The Lexicographers' Note: According to IMDb, our Zach Shields is credited as 'himself' at Fox 7 at Fifty documentary (2002) but that's "another" Zach Shields who happens to be a Morning Meteorologist on FOX 7 from 4:30 to 10:00 a.m.
In 2012 The Lexicographers had the chance to talk about "The Most Beautiful Thing" with director Steven Hoffner, who kindly provided enough material and information on his motion picture to build this epigraph. Thanks so much Steven for everything!
Zach Shields: Not all the cherubs wake up in a good mood
According to Hoffner, the film in large measure was a learning process for both him and Zach Shields, who were at school when filmed the movie, but the ones who have the chance to see this collector's piece will find a compelling tragic love story about lost hopes, redemption and what it means to overcome one's past, all developed in a pretty charming and touching script, beautifully brought to life by an interesting mix of equally trained actors and actors in training.
The story flows fluently between present and past, using grainy black and white for the flashbacks and powdery fainted colors for present. Viewer travels guided by the main character's narration, getting to discover what made this young and boastful track star drastically change physically and emotionally. The always alluring split screen technique to highlight some of the character's reactions and the word "Fin" at the end of the movie are just a bonus in this curious piece.
Born and raised in Scarborough, Ontario, Steven Matthew Hoffner is a director and producer who specializes in independent film and commercial documentary.
Graduating from the University of Toronto, Steven has emerged as an edgy storyteller with a niche towards realism and cinema verite.
In 2005 he won for Best Feature Film for "Wooditis: An American Gothic" and in 2010 for Best Comedy Generico: "The Recession Proof Professional" at the U of T Film Festival.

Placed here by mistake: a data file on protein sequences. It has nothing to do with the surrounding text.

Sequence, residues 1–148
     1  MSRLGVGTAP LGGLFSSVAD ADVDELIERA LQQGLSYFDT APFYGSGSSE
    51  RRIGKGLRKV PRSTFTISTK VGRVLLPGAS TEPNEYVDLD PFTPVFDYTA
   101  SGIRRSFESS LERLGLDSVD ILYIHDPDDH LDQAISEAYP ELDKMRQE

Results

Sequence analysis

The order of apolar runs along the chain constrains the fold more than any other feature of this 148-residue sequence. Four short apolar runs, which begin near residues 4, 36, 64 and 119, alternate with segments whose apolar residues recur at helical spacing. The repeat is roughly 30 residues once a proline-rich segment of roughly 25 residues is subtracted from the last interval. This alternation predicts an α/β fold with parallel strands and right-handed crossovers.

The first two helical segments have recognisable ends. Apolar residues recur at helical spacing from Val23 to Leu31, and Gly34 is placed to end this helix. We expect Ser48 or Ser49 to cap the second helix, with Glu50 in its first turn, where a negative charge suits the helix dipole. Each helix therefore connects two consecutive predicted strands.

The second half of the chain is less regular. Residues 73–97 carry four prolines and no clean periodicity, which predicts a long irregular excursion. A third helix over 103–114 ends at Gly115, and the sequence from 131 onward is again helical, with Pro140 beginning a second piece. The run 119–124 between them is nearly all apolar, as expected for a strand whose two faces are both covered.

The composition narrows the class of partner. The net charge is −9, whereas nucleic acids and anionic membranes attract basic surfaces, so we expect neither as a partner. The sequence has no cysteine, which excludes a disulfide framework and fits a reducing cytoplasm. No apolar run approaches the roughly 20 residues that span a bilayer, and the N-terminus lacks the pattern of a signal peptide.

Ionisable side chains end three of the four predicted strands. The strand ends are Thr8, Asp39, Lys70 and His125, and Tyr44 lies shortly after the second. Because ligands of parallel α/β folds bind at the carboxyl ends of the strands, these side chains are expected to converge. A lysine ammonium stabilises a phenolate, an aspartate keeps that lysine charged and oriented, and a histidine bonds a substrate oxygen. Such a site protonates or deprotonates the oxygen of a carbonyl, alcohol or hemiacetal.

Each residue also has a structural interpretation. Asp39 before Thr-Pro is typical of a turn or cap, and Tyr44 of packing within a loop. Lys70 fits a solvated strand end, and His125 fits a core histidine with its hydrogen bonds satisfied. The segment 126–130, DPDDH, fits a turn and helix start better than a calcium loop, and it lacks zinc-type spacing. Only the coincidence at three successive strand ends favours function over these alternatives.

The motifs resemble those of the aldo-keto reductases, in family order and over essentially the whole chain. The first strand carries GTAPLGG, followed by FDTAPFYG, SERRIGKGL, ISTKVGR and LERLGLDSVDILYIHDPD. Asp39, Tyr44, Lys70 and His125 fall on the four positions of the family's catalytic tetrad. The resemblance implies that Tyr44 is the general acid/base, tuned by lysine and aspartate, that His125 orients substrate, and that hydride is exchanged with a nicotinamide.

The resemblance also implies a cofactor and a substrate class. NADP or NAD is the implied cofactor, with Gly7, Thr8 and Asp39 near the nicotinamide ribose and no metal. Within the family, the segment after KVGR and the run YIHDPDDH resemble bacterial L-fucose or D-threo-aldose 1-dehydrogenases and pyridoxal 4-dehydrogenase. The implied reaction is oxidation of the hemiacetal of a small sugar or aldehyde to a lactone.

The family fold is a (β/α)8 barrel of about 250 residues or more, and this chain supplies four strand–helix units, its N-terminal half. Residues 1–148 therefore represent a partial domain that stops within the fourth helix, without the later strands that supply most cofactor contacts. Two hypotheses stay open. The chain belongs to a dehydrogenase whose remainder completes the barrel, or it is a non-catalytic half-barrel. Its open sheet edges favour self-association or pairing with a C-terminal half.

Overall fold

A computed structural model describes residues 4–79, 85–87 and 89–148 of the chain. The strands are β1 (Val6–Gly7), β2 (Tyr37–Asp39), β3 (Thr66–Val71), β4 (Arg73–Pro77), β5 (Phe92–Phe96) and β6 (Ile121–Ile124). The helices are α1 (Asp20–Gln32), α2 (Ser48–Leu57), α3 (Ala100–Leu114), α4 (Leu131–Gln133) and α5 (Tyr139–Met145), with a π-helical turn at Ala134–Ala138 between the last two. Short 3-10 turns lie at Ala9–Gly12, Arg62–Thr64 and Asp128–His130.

Hoffner has also gone on to produce short and long form documentary for the NHL including profiles on star players and personalities Gabriel Landeskog, Ryan Nugent Hopkins, Patrice Bergeron, Bill McCreary, and other associated artists including Drake and Three Days Grace.
The director is currently producing the short drama "Cliffside" in 2012-2013 and hopes to launch himself into directing feature length pictures.
Korean dissent and writer by trade Massimo Park met Steven Hoffner through Hoffner's mom, becoming business partners in "Massive Productions".
Before "The Most Beautiful Thing", Park and Hoffner co-directed a student feature film called "Wooditis: an American Gothic" which was about a gang of protestors standing up to the "authority" winning Best Feature at the U of T Film Festival in 2005.
When Park wrote "The Most Beautiful Thing" script it was supposed to be directed by another up and coming director, however, circumstances did not work out and Steven was then thrust into the role of directing the feature.
Both pieces were learning projects conceived and made while Hoffner and Shields were still at school.
Steven Hoffner: "It was very tough at times to balance with school but shooting this was something very special for me"
In winter 2003 Massimo Park begun volunteering at Toronto hospitals working with the physically handicapped. Through this experience, Park realized people with physical handicaps are like everyone else because of their constant struggle to overcome the obstacles thrown at them in their everyday lives.
With this in mind, Park drew inspiration from two religious sources; the story of Jonah and the Whale and an ancient Buddhist Monk tale. The sources allowed Park to craft a modern day story about suffering, faith and finding redemption through love.